Conveniently, I was already training at a CrossFit gym and though I worried about whether the studies were right, I decided to join the experiment. I threw myself into CrossFit as fiercely as possible and crossed my fingers. A lot of people know by now what CrossFit is, but for those who don't: it's high intensity training of functional whole-body movements, like pull ups, push ups, jumping onto boxes, throwing medicine balls, swinging kettle bells, sprinting, rowing, and a slate of Olympic lifts like overhead squats, deadlifts, and the wonderfully named clean and jerk. Workouts are quick and everyone works out together in a class, adding a gentle edge of competition and enough pressure to make fitness slackers like me work harder. In short, there's a lot to do, workouts are generally 5 to 30 minutes, and it's really fun.

I started going to CrossFit Purgatory 3 and then 4 times a week (which is huge for me, a gumby girl who just six months ago thought yoga was everything) and supplementing that with stadium stair runs at the high school near my house and yoga on rest days to stay balanced and limber. When Logan and I went climbing, I took all the gear, draws, rope and water and slogged slowly up to the wall. I made him carry his own harness, helmet and shoes, though really I wanted to take those from him, too.

This regimen was potent work for my legs, and when it came time to trudge up 10,700 feet of glaciated mountain, my quads didn't even burn. Which is not to say it wasn't hard. It was hard. But I was ready. Pound for pound, my legs had already pushed more weight than that in four days of CrossFit workouts versus four days of hiking. High intensity training gets a big thumbs up.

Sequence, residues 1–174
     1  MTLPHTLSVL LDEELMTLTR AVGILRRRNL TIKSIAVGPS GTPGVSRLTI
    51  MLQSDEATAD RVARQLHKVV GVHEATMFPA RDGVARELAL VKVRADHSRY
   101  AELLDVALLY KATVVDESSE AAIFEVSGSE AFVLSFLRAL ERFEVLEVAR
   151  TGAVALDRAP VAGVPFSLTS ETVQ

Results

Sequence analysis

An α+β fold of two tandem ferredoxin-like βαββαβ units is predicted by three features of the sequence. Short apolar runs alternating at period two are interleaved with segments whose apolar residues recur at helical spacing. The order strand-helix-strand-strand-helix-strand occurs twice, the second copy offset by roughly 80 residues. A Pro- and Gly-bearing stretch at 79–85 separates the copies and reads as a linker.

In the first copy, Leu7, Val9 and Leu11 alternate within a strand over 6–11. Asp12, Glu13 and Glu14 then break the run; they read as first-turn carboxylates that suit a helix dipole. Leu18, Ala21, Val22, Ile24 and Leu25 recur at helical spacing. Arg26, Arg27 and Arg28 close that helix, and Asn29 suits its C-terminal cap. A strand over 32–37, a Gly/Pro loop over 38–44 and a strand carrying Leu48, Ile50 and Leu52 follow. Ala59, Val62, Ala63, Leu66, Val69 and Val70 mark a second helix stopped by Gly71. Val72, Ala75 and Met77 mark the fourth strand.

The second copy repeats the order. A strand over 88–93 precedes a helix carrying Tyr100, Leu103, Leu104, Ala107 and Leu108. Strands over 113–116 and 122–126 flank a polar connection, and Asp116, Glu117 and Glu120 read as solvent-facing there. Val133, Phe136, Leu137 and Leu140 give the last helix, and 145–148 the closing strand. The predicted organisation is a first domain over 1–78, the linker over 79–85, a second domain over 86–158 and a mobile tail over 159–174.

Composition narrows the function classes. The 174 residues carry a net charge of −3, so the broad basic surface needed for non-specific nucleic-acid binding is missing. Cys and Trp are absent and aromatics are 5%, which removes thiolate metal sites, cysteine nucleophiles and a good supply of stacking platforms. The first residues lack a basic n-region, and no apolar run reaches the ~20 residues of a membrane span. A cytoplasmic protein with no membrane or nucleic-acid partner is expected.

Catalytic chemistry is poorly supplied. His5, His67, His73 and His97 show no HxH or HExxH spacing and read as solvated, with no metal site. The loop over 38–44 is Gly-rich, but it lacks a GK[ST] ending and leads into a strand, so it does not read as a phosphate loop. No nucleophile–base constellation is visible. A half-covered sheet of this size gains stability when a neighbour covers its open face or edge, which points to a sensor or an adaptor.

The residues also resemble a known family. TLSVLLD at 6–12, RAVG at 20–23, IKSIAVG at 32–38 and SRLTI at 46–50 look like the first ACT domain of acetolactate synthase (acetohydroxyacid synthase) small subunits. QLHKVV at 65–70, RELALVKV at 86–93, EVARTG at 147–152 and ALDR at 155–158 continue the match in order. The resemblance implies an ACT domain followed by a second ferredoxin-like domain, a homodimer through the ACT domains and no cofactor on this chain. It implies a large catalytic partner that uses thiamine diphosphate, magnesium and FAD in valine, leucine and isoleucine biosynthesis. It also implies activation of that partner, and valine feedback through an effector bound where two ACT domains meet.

Diet was really important for training too: namely getting enough protein at the right time. Workouts shred muscle tissues, and if complete proteins aren't available in your gut to start repairs, your body will take proteins from muscle, making you weaker. I religiously drank a smoothie with almond butter and whey protein within a half hour of every workout, and I increasingly felt stronger. Following the CrossFit method includes a Paleo diet, meaning focusing on meat and vegetables, with nuts, seeds, and some fruit. No grains, no dairy, no refined sugar. It helped me consistently eat a lot more protein, and while I wasn't strict about the no grains rule, staying mostly away from grains kept my blood sugar levels balanced, where before I would spike and crash throughout the day. I found Paleo trail snacks, too: for the trip I filled a stuff sack with buffalo jerky, dried mango, and Lara bars, which are just dried fruit and nuts. I also brought Bonk Breakers--peanut butter bars that aren't Paleo (since peanuts aren't really nuts) but are super delicious--and a trail mix with chocolate covered espresso beans. For summit day I packed a few Gus, which I really didn't want to use because they're all sugar, but on that tough sustained effort I ended up needing them: jerky wasn't going to cut it. On that effort we burned through sugar easily, and as one mountaineer advised me, proteins and fats take a lot to break down and pull a lot of blood into the gut, taking it away from everywhere else--which is not something you really want to do in an intense endurance activity at altitude. So for just one day, I was grateful for the sugar.